September reading: The Narrow Road to the Deep North by Richard Flanagan

Only one book last month. It was long and heavy. The book and the month.

Busy at work left me mentally exhausted. And, again, the description is interchangeable with the book. I had to pause and pause again. I had to skip a particularly savage section to which I returned after I finished the book.

This novel is an amazing read. Both detailed in its focus on particular moments and sweeping across time; lyrical in language and brutal with extreme violence; rich, round believable, human characters. There’s love and romance ad human connection and disconnection.

But the Japanese treatment of POWs on the Burmese Railway is horrendous and sickening. And the end of the war couldn’t come swift and sharp enough.

Let me share an extract totally unrelated to the war:

It did not fit with the new age of conformity that was coming in all things, even emotions, and it baffled him how people now touched each other excessively and talked about their problems as though naming life in some way described its mystery or denied its chaos. He felt the withering of something, the way risk was increasingly evaluated and, as much as possible, eliminated, replaced with a bland new world where the viewing of food preparation would be felt to be more moving than reading poetry; where excitement would come from paying for soup made out of foraged grass. He had eaten soup out of foraged grass in the camps; he preferred food.

I liked this description of celebrities as people you would not wish to know.

Would the editing out of the graphic violence perpetrated by the Japanese make this a lesser novel? It definitely would make it more palatable. But the nightmares I suffered were obviously nothing compared to what the POWs suffered.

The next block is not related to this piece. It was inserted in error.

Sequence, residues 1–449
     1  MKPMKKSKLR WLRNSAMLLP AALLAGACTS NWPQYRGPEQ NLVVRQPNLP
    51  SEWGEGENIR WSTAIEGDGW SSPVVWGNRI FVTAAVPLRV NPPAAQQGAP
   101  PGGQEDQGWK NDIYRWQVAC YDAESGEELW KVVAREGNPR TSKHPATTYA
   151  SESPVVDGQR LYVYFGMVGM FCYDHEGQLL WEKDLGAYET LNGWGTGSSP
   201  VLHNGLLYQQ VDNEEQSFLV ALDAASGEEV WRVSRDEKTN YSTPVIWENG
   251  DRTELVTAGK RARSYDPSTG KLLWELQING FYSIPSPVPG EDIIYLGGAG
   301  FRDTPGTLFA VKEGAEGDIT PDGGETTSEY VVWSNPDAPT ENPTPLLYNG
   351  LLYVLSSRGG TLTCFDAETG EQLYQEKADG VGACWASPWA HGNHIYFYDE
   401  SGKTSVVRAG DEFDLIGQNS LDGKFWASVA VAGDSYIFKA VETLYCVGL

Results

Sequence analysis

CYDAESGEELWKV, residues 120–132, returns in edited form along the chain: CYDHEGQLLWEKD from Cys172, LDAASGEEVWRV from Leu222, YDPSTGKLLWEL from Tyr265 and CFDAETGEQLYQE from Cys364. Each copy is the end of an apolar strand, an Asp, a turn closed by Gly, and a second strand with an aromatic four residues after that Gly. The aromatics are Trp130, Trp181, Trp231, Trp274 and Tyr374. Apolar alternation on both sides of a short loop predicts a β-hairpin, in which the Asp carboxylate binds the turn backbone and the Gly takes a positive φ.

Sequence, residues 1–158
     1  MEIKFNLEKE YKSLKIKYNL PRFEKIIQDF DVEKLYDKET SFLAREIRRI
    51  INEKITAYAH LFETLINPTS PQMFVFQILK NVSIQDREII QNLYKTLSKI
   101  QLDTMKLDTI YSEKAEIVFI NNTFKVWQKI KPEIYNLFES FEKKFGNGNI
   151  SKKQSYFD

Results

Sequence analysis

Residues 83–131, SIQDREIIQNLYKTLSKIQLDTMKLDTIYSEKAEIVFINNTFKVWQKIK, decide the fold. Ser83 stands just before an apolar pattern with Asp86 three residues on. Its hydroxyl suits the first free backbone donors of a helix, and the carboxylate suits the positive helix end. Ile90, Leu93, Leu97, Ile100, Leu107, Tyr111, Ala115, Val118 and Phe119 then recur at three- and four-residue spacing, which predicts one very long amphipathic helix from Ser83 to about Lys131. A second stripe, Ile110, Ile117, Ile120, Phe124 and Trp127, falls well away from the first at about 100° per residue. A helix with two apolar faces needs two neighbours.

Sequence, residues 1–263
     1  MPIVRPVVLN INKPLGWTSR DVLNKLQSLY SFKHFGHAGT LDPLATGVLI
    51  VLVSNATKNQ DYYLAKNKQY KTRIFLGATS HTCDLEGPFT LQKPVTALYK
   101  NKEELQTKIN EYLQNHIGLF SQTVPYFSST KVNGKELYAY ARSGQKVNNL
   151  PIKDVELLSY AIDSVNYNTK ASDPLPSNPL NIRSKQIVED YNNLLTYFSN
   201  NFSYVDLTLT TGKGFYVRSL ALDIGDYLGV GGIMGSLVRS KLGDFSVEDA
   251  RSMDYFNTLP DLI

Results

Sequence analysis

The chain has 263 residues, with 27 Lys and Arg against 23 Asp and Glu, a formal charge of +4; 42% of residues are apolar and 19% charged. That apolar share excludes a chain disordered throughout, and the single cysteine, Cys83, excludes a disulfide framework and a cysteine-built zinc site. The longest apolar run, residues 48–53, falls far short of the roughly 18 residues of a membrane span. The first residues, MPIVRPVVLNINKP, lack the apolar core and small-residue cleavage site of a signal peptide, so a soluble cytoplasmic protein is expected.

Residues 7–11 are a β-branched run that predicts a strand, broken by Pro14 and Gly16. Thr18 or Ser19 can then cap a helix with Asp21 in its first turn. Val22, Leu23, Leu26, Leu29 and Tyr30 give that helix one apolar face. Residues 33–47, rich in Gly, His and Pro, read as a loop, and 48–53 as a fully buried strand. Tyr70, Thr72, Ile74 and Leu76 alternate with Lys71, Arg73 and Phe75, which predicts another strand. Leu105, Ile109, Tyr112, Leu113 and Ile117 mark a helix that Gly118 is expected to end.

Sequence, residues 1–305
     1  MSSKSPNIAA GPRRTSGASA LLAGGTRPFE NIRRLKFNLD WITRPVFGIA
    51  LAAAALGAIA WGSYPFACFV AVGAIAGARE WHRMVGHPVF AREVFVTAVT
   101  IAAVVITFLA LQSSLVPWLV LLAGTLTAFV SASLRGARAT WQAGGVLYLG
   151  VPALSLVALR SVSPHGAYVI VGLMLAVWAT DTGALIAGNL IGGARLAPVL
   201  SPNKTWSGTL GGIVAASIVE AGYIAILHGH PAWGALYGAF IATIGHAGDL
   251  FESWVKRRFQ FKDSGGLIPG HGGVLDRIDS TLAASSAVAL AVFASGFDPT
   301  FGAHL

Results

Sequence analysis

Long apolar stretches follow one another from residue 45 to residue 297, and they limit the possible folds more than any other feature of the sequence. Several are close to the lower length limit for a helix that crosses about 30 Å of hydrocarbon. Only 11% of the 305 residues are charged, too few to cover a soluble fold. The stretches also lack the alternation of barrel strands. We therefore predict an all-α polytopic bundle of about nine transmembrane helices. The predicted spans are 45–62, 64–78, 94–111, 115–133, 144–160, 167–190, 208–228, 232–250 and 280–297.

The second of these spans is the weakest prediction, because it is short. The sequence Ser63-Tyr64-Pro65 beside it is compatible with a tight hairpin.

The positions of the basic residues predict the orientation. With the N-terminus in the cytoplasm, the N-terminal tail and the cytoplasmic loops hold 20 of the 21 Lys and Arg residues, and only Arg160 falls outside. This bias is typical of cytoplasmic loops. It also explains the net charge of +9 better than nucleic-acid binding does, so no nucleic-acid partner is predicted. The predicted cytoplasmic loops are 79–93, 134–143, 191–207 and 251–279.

Why do the powerful always get off? Eg the emperor. And how could the Japanese soldiers , the hierarchy live with themselves? Those who got off.



9 thoughts on “September reading: The Narrow Road to the Deep North by Richard Flanagan

  1. Sorry to hear you’ve had a rough month. Would you have found it more helpful to read something light, or did you like the tone of the book matching your mood? I have often wondered how people who commit atrocities can live with themselves. I suppose it must be a combination of denial (either of what they did, or of the other people’s humanity), and lack of personal responsibility (I had no choice, it was war time, etc.) ??

    • I think the book would be hard going irrespective of one’s current situation. The novel really highlights the cultural/social imperatives of the Japanese, rather than individual responsibilities. Amazing read.

  2. Somehow, I didn’t realise Richard Flanagan was Martin Flanagan’s brother (this is totally a Melbourne-centric thing.) I haven’t read any of his books but after looking through the list, I really want to read a number of them. Not sure I could stomach this if it has detailed descriptions of torture etc. At the least, I’d have to read it over summer, not in term time (would kick my insomnia into overdrive.) Very interesting review though and it’s great to have an author highlighted with such an interesting backlist that I haven’t read!

    • Never heard of Martin Flanagan, but I don’t do sport. I think all Australians should know about the Pacific aspect of WWII. (Is that a bit absolute Canon-like view of knowledge?)

  3. Mmm, now I did have this on my mental list of books to read. I bet it was brilliant and beautifully written, but I’m glad you warned me, and I will wait until a season in my life when I am feeling a little more emotionally balanced.
    Hope the rest of October is peaceful and calm for you:)

    • Peace and calm doesn’t go with my job. But yes, read this book. I don’t know if there is a right time. It will be traumatic any time. Still, wait until things in your personal life are a bit calmer.

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